Bob once berated me for not having one American car in a list of favorites I had compiled for a long ago column. (Really long ago.) Well, that was true then. I found few American cars desirable then. (American pick-ups still rule.) But what could be more American that refusing to settle for second best?
But now I’m really going to get him mad at me. Look here: I don’t think GM is even on top of the heap in Detroit.
I think of GM, Ford and Chrysler as sailboats moored alongside one another near a busy channel. As the harbor traffic comes and goes these boats rise and fall, one’s mast shooting higher than the others, then another and the other. Rise and fall. Not too long ago Chrysler was so low I suspected it had sprung a leak. The Detroit Big Two and a Half. Then the Italians arrived. Tada. Walter P.’s legacy is bobbing away again.
Now I see Chrysler’s mast as reaching farther heavenward than either Ford’s or GM’s. Quickly let me say I have absolutely no behind-the-scenes knowledge, no inner view. No market analysis ability. This is an instant snapshot of bobbing sail boats and a sense I have about the relative energy level of the three Detroit companies. It’s a feeling, a sense. And I’ve felt an enlivening enthusiasm at Chrysler which along with surging improvement in their products makes me excited for them. And I adore the Fiat 500.
Until recently I felt much the same about Ford. I could go very New Age on you and say Ford’s aura is not so ultra violet and chrome yellow as it was. And I will say that just to underline that I am not an industry expert with fact and figures: this is a feeling. (And one that might turn more favorably Ford again if, say, they put a diesel in the Transit Connect. Now that’s positive energy.)
As for GM, Cadillac had a lot of that exciting energy for a while – all that Nurburgring testing. And it showed in the chassis development. That is still the best thing about GM in my experience of it: the chassis. Which is the most basic brick in the structure so that’s a good thing.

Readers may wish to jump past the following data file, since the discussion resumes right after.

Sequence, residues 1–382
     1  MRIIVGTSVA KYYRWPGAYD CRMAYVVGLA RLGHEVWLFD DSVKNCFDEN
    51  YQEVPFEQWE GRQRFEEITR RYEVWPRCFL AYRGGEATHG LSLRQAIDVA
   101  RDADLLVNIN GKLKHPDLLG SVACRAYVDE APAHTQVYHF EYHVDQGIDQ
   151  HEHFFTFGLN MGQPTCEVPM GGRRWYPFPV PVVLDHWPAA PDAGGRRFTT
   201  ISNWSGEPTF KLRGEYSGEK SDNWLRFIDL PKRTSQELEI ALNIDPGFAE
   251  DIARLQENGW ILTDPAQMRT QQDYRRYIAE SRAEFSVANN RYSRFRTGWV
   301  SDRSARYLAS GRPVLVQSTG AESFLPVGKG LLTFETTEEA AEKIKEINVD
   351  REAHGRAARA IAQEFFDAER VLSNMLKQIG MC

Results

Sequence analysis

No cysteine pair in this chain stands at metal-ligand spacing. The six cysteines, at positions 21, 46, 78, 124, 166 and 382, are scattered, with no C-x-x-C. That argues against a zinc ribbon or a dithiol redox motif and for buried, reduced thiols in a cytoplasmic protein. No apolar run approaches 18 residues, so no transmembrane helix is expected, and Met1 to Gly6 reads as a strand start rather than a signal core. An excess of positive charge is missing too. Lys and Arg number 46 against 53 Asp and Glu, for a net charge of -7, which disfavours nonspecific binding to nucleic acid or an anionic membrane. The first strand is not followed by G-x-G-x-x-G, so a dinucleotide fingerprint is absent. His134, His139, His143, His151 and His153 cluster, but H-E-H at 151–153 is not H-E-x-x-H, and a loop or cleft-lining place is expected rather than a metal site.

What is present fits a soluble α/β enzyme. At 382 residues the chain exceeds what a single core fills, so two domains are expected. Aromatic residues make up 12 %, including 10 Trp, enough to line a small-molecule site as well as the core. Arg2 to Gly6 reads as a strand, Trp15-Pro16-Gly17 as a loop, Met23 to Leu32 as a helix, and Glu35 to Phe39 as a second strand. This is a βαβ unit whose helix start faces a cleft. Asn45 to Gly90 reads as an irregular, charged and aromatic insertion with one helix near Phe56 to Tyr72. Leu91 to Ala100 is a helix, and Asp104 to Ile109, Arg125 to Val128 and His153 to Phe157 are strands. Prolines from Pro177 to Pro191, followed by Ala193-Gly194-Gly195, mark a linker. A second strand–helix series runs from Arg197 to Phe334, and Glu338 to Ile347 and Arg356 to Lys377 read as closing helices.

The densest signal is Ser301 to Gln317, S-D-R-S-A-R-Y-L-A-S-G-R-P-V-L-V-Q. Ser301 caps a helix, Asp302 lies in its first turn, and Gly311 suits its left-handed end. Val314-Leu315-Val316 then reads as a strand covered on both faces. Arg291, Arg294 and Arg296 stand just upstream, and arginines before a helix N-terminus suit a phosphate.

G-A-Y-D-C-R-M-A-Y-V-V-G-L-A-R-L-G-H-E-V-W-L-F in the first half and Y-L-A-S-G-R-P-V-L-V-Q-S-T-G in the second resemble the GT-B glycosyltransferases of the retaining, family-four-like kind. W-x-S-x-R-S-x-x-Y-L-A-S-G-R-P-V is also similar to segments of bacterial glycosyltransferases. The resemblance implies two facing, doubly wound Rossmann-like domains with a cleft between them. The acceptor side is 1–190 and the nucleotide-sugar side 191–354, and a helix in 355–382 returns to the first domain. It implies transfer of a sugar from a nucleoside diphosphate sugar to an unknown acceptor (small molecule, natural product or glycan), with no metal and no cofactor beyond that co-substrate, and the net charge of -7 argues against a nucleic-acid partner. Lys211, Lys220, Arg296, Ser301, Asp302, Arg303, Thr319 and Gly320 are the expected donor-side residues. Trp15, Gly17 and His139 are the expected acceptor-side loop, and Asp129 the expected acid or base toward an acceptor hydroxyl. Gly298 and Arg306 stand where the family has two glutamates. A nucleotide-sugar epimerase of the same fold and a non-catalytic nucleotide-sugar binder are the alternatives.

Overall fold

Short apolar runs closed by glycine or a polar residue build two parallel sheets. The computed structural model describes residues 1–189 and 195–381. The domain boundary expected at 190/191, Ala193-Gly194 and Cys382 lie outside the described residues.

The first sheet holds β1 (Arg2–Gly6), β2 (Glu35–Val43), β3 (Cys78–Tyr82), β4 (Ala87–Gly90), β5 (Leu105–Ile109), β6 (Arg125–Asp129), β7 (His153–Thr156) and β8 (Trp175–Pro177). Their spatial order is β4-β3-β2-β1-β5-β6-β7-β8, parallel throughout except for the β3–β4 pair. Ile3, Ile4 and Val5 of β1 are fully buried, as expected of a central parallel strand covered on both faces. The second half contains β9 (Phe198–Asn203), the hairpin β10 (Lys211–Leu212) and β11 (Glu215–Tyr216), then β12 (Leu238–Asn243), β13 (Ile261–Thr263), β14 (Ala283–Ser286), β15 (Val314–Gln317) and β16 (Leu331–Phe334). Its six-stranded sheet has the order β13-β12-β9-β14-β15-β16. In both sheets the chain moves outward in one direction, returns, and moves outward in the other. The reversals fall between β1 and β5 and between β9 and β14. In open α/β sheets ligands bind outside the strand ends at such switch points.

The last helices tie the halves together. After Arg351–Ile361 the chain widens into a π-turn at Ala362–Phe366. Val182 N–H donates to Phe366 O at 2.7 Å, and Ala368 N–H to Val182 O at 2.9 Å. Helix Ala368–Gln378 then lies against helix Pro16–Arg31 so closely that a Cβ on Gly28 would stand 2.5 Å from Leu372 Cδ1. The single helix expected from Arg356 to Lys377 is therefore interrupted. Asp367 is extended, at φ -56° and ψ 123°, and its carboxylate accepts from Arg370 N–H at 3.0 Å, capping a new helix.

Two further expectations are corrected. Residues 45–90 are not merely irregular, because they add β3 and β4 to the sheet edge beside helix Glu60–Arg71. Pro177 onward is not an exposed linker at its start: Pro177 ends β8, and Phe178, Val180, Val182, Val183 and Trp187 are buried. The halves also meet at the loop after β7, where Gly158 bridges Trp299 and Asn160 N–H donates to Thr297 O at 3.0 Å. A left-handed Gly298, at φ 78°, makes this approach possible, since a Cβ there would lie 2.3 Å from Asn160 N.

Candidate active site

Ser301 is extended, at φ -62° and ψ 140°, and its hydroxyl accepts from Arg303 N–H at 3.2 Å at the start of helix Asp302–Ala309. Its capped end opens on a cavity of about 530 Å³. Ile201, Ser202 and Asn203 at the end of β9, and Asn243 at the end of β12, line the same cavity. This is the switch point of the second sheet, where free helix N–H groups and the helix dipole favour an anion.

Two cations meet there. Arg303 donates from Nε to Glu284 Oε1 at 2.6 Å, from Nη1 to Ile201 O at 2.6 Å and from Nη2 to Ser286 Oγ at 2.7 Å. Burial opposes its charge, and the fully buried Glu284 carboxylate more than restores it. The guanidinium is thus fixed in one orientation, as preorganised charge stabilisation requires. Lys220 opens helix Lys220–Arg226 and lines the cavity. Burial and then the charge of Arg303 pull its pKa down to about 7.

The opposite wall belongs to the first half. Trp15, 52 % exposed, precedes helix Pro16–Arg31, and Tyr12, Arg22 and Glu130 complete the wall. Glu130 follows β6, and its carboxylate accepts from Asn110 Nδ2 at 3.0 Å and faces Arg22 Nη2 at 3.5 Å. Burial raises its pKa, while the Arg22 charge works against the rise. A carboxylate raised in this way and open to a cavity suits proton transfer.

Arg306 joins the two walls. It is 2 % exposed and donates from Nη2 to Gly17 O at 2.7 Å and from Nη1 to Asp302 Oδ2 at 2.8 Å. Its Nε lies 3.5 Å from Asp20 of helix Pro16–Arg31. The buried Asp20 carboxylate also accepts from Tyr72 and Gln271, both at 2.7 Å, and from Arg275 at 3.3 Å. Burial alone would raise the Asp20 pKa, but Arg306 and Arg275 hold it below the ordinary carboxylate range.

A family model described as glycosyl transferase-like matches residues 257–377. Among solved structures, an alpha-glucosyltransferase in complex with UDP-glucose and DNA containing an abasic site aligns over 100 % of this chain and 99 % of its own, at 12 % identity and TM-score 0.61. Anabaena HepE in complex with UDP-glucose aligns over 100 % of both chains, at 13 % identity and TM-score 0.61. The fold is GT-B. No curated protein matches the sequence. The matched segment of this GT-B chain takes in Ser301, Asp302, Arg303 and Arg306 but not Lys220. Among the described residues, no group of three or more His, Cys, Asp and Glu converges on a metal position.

I must add that my experience with any GM product has been limited of late. Suddenly I’m off their list to invite to car introductions. And they tell me it’s “hard getting cars to Santa Fe.” (Wonder how others manage it.) But I get in GM vehicles when they are “competitor cars” at other intros or when I’m an awards judge and GM cars are nominated. That’s enough time for me to decide GM still can’t get interiors right – the Volt all hard to the touch and loud to drum your fingers on. (A pleasing visual has to be supported by a pleasant tactile. And audio for that matter. Hail-on-the-roof sounds from hard surfaces do not belong in a $40,000 plus vehicle.)
The Caddy CTS-V Sport Wagon which I expected to love because I prefer wagons to sedans and supercharging to turbo and easy power to not so easy. Papers looked good, pictures looked fine. But in real life the interior was meh and the driving experience a letdown to me. Maybe not enough seat time. Anyway I was under-whelmed. No wonder an Audi beat the Cadillac it in its class at the Active Lifestyle Vehicle awards.
I do commend GM on its small-car program and I love the idea of a diesel in the Cruze. That passes for a gutsy move in Detroit and I hope to actually drive one before they run out of social-media bloggers. I still think GM’s approach in the “extended range electric” Volt makes more sense in a real world than straight plug-ins. Imagine having a plug-in as your only car in an extended power outage like the one in the Northeast following Halloween’s trick of an early winter)
I’m sure Bob Lutz has seen lots behind the curtains as he returns to GM that makes for his enthusiasm in ranking them Number One. But I sense more at Chrysler and I go with my instincts. But really, Bob, how can you put VW anywhere but first? I just got back from driving the new Audi A6 up Santa Fe’s ski mountain. Whoo. Only one thing wrong – it was a sedan and won’t come here as the Avant I prefer.
But Crikey. Such a car….